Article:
Victoria Suescum, ACC associate professor of art, has been awarded a commission from San Antonio’s University Health System for a wall painting to be featured in a new building on the system’s Robert B. Green Hospital campus.
The 4-by-10-foot painting on metal will hang in a patient waiting area of the hospital’s Clinical Services building. The piece will be installed in November 2012.
“It’s exciting to be involved in the healing process,” Suescum says. “It is a project I feel suited for. It not only is an expression of my painting style, but also my values.”
The $10,000 commission is part of a public art project included in University Health System’s capital improvement program and coordinated by the SaludArte Foundation.
Suescum’s painting, “Bueno Como el Pan,“ or “Good as Bread,” will intertwine portraits of Mexican-American residents and images of baked goods. The design, chosen for its unique style and vibrant colors, represents the people the hospital serves and San Antonio’s renowned West Side bakeries.
“I wanted the images to tell the story about the kind of people who live in the community,” she says, adding that she hopes the painting elicits pleasant memories and encourages storytelling among hospital visitors.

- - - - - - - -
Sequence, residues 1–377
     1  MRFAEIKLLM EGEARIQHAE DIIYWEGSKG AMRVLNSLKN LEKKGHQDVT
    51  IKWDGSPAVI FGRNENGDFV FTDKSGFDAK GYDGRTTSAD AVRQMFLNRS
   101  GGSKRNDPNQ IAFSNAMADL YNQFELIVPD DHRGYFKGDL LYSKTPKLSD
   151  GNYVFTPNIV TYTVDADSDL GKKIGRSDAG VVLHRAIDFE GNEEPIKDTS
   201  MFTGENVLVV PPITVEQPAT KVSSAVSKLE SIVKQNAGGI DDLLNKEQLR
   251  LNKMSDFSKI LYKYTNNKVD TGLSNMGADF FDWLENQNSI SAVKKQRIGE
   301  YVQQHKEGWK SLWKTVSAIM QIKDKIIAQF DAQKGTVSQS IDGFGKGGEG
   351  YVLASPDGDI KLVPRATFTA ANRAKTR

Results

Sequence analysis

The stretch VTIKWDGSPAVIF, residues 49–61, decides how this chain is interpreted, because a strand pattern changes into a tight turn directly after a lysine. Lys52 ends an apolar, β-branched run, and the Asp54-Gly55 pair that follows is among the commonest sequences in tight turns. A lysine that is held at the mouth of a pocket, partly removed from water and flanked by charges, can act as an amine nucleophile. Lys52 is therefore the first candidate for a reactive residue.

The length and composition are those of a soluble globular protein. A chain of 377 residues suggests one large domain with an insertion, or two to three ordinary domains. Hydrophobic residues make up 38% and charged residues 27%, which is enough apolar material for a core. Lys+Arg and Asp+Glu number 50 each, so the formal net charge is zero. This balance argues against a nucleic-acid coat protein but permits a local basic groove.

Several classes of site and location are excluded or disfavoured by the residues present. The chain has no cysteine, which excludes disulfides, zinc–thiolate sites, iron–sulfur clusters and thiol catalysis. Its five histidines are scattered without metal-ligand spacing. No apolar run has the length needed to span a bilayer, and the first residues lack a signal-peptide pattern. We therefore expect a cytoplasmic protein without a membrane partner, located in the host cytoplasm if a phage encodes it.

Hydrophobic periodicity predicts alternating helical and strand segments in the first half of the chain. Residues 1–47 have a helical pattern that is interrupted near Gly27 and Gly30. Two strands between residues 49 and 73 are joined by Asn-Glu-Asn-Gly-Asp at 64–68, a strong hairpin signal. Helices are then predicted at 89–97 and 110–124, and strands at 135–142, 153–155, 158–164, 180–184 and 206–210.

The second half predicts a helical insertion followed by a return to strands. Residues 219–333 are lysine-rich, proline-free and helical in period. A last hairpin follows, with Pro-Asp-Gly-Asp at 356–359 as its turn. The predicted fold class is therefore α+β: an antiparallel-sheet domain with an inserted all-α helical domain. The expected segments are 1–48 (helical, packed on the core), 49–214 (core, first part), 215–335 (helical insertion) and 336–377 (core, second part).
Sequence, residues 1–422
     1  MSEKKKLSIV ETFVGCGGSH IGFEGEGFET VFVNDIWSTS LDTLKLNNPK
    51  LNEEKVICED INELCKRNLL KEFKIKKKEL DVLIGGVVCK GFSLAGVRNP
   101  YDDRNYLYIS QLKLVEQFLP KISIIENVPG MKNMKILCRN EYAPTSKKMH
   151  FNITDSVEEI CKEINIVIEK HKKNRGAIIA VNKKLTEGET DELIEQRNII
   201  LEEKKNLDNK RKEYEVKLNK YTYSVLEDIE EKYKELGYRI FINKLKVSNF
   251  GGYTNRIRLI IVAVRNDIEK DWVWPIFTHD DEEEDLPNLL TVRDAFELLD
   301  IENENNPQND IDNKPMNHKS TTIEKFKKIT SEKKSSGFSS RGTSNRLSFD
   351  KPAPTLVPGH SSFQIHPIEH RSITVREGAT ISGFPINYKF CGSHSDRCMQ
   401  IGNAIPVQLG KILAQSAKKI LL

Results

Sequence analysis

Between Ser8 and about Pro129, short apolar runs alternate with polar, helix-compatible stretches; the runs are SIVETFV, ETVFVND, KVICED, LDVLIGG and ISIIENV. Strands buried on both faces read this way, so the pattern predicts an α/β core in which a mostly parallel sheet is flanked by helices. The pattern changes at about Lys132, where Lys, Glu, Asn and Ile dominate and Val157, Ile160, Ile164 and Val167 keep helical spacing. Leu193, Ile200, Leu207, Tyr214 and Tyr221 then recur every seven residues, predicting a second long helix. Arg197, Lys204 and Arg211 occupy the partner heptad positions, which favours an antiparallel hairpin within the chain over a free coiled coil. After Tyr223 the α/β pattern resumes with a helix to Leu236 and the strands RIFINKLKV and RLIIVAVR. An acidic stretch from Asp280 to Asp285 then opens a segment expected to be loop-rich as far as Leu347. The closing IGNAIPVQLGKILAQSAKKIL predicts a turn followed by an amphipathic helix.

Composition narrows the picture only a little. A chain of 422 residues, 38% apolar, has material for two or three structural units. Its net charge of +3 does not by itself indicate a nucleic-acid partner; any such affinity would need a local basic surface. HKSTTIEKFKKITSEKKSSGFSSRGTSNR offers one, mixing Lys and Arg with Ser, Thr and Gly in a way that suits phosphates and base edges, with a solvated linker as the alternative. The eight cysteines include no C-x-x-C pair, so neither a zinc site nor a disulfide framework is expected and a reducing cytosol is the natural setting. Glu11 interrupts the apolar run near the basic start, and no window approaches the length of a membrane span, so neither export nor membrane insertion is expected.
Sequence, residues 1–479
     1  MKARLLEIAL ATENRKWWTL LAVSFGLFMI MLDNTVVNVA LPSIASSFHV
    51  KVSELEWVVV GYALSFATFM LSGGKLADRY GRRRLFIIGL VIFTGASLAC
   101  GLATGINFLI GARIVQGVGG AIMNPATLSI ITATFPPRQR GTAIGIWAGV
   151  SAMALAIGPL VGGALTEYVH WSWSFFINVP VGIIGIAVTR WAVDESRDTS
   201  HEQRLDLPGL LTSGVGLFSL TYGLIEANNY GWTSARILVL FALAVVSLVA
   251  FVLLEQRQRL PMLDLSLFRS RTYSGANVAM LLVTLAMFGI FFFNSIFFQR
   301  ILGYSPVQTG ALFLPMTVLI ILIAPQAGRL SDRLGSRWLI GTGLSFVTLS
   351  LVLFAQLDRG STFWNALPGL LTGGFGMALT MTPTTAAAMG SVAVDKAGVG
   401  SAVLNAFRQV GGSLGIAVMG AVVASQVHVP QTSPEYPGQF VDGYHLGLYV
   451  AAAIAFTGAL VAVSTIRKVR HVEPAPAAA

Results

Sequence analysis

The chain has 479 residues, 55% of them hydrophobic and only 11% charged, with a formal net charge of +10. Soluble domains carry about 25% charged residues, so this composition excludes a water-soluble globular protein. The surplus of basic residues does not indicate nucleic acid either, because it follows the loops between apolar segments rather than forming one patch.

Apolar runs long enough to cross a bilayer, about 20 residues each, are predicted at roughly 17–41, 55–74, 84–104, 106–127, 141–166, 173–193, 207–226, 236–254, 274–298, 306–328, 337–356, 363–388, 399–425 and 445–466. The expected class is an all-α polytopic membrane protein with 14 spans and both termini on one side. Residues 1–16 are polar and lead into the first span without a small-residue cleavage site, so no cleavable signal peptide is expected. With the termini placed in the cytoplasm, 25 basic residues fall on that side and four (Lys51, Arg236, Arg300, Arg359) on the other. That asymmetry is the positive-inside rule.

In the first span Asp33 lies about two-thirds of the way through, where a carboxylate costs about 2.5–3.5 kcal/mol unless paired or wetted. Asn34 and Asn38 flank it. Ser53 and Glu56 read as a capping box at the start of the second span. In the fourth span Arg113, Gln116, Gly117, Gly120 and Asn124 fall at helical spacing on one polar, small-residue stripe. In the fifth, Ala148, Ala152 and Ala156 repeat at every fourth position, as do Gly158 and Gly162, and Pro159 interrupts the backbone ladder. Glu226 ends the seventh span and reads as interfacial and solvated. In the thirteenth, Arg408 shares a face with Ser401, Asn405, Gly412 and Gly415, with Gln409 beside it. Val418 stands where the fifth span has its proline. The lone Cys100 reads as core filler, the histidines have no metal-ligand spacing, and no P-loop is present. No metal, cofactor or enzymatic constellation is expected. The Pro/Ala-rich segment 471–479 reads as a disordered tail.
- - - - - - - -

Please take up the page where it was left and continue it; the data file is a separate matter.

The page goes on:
Originally from Panama, Suescum obtained a bachelor’s degree in studio art and art history from Wellesley College. She returned to Panama, but eventually decided to leave the instability of her native country and move to Texas to pursue a master’s degree at the University of Texas at San Antonio.
Suescum first became acquainted with the city’s bakeries and the stories behind various baked goods while working on a 2005 Dia de los Muertos exhibit.
“I became educated about the importance of bread to the Hispanic culture,” she says. Suescum’s work has been featured in more than 50 shows and competitions worldwide. She has been with ACC since 2006.
Because her painting will hang in a so-called “50-year” building – one constructed for long-term use – Suescum says the hospital project offers a rare opportunity to create a legacy that can’t be achieved by showing pieces in a gallery.
“I would hope that my life makes a difference,” she says. “This is an opportunity to make a piece with long-lasting influence.”Back to Top